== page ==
Jackals and peacocks (in the back) having a drink of water early in the morning.

_IMG7170Photo by Dorinda Hardage

We were constantly looking around to catch a glimpse of animals.

After a lazy afternoon we headed to a local village right behind our resort, it was a typical Indian village with widespread farms, a never-ending irrigation canal in the middle, and cows mooing all around.

_IMG7187Photo by Dorinda Hardage

One of the many small houses surrounded by the yellow wheat fields.

Thursday morning was a relaxed one, but not for long.  We had a lot to do on that day, and we set off walking at 10 am. I quickly got to the front of the group to walk in the cool shade of trees and tall bushes in the midst of the heat.  

We reached our destination quickly enough: a small village school, where school kids up to grade four were giving tests.  As the kids finished off their tests, we brainstormed about what we can teach these kids, and we eventually decided on art and dance.  I had an amazing time watching those kids learn without computers or desks and chairs, and they were enjoying learning about our culture too.

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Photo by Dorinda Hardage

The school kids carefully observed what we were trying to teach them and then tried their best to please us.

Thursday evening was a funny one, I got ready to play some team games such as tug-of-war etc. but half our group was asleep or not in the mood to play any games.  I quickly paired with a classmate to participate in the first challenge of untangling two pieces of strings that were tied to our hands, and of course, it was impossible, but our guide made it look so easy when he showed us how to do it.  Later, as I joined another team I had a great deal of laughter, frustration at my team-mates, and the usual winning and losing that goes along with team games.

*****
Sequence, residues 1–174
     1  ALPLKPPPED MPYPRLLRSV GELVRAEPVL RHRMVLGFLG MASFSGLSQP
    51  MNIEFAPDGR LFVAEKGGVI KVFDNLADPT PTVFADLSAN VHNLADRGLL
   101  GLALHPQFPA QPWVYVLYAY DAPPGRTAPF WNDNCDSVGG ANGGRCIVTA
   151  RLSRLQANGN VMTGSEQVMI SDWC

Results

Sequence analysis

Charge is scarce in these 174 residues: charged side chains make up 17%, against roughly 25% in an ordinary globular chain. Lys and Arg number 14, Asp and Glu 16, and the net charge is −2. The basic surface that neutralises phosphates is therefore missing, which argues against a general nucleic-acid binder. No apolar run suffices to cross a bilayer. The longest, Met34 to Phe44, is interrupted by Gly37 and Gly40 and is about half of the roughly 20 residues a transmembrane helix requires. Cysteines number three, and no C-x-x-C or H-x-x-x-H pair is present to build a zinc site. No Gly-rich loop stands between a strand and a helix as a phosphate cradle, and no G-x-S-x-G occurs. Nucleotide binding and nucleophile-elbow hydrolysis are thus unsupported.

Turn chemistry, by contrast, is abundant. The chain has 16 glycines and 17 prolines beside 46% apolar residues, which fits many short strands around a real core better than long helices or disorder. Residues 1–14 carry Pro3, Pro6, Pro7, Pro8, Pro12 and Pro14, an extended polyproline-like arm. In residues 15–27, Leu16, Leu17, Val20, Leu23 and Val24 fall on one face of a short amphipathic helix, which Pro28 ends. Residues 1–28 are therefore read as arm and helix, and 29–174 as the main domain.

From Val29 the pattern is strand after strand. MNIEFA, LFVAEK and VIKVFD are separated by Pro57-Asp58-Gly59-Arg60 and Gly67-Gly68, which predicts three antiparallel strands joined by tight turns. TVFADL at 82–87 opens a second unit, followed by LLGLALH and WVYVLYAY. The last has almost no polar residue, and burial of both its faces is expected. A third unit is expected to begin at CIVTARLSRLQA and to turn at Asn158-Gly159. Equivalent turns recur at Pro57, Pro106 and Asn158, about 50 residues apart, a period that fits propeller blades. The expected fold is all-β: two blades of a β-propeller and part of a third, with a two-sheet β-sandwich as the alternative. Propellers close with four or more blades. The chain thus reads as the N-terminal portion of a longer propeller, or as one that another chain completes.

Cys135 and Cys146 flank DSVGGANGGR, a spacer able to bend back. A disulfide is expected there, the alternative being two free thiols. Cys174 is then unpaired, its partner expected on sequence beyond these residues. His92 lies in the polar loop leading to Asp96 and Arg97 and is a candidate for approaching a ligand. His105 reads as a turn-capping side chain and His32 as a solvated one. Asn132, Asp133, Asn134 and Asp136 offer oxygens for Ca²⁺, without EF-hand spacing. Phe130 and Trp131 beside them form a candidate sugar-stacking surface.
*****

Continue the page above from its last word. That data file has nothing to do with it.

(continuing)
The last day wasn’t the greatest for most of the group, but I enjoyed the full-day hike through the hills, down the valley, into the river, and back up again on the other side.  On the way, I saw villagers on their daily routines, more school kids, and a cold slippery river which I didn’t hesitate to jump into to relieve myself of the hot sun.  Six hours later, I was back at the top of the hill sitting in a jeep, waiting for the slow ones to catch up.  At the back of the jeep, I had my head up and eyes focused on the jungle on the side with hopes of catching sight of a tiger, but I had no luck.

_IMG7261Photo by Dorinda Hardage

Walking down the hill was the easy part of the hike, and so, there were no complaints and groans.

_IMG7266Photo by Dorinda Hardage

“There it is!”  We couldn’t wait to jump into the beautiful river.

_IMG7272-2Photo by Dorinda Hardage

Another photo of the cold and refreshing river.

_IMG7283Photo by Dorinda Hardage

Walking back up the hill to the other side was a major part of the hike and also a major source of groaning from the group.  

Later in the evening, I sat on my bed reviewing my photos and realized with another jolt, this time a depressing one, that I was going to be sitting on the bus for another 12 dreadful hours, headed back home.  I got up to pack my bags against my own will and then got into bed for a mournful and restless night.

On the next morning, I woke up at 4:30 a.m, and half an hour later I was standing amongst the others thanking the staff of Falcon Nest for their services. Then, I reluctantly loaded my luggage in the loud and uncomfortable bus for the final time to head home.  The whole bus ride, all I could think about was Corbett National park, a place I’ll never forget.